Purpose: The goal of this study was to investigate the incidence, location, and height of antral septa and to offer the clinician, through an accurate investigation of the anatomy of the maxillary sinus region, the tools to carry out sinus-lift procedures under safe conditions. Materials and Methods: The study consisted of 60 sinuses from 30 human cadavers with an age range of 59 to 90 years. Only septa measuring 3.0 mm or greater in height were considered in our analysis. Results: A total of 20 incomplete septa were found, showing an incidence of 33.3%, and no more than 1 septum per sinus was identified. All septa were located in the anterior-lateral wall and were either sagittal or transversal. Of the septa, 6 (30%) were located in the anterior region of the antral wall (between the second premolar and first molar roots), 8 (40%) were in the middle region (between the first and second molar roots), and 6 (30%) were in the posterior region (distal to the third molar roots). Antral septa height showed great variability, with a mean value of 8.72 mm (SD, 4.26; range, 3.7-18.4 mm). Our study also showed that 40% of our specimens (12 of 30 maxillas) have bony septa that can partially divide the sinus, and they were symmetric in 8 of 12 cases. Conclusions: A sound knowledge of the maxillary sinus anatomy and of the possible anatomic variations is essential to prevent complications during surgical interventions involving this region.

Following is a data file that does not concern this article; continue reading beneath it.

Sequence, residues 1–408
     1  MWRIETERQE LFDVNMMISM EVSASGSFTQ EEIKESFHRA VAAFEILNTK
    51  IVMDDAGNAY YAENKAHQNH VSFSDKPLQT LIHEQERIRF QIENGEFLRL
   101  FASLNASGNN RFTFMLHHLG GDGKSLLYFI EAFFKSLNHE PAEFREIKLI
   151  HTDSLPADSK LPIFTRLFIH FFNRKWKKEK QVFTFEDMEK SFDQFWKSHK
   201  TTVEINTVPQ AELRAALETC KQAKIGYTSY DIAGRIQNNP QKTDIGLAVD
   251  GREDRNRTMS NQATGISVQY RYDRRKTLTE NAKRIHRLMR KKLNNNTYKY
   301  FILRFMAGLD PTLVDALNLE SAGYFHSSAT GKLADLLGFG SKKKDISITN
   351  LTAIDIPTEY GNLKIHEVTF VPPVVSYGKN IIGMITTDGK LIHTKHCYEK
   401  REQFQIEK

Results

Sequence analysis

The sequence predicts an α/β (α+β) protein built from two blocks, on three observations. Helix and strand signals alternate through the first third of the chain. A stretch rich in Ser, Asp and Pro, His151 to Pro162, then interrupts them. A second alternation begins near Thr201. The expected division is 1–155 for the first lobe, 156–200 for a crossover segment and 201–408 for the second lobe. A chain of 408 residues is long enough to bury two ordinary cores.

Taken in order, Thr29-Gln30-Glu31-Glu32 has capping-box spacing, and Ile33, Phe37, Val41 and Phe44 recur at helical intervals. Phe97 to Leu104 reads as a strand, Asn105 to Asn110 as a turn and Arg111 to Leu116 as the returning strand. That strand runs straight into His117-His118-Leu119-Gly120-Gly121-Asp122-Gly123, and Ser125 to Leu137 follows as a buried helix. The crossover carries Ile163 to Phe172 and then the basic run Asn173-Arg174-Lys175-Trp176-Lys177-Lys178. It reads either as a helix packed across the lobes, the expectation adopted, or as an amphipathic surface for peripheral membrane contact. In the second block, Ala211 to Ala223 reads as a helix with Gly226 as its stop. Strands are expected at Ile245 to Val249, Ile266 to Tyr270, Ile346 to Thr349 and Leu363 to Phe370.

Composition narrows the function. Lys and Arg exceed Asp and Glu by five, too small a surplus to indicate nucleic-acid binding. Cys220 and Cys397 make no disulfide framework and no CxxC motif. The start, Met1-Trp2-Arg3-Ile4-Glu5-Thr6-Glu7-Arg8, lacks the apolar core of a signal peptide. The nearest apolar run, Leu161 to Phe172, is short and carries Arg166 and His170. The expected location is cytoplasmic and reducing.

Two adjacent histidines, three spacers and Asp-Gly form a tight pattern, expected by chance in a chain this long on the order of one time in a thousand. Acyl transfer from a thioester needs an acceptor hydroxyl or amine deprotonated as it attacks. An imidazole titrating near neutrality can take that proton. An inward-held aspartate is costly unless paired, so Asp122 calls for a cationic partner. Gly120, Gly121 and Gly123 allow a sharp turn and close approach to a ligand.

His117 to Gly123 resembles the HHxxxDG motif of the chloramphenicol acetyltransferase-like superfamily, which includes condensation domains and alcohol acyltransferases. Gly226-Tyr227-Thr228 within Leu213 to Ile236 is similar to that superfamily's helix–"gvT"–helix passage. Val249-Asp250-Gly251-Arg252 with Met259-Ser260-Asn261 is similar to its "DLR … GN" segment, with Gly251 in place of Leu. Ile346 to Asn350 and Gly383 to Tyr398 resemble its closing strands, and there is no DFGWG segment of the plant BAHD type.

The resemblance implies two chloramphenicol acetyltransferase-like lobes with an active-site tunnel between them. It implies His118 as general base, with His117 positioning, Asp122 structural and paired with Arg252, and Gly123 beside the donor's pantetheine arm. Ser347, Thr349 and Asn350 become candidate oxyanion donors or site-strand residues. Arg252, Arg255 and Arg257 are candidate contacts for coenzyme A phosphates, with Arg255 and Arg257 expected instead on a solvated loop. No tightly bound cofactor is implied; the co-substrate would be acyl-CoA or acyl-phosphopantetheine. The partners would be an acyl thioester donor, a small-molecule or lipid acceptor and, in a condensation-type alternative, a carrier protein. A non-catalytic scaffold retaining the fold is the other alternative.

ASJC Scopus subject areas
- Oral Surgery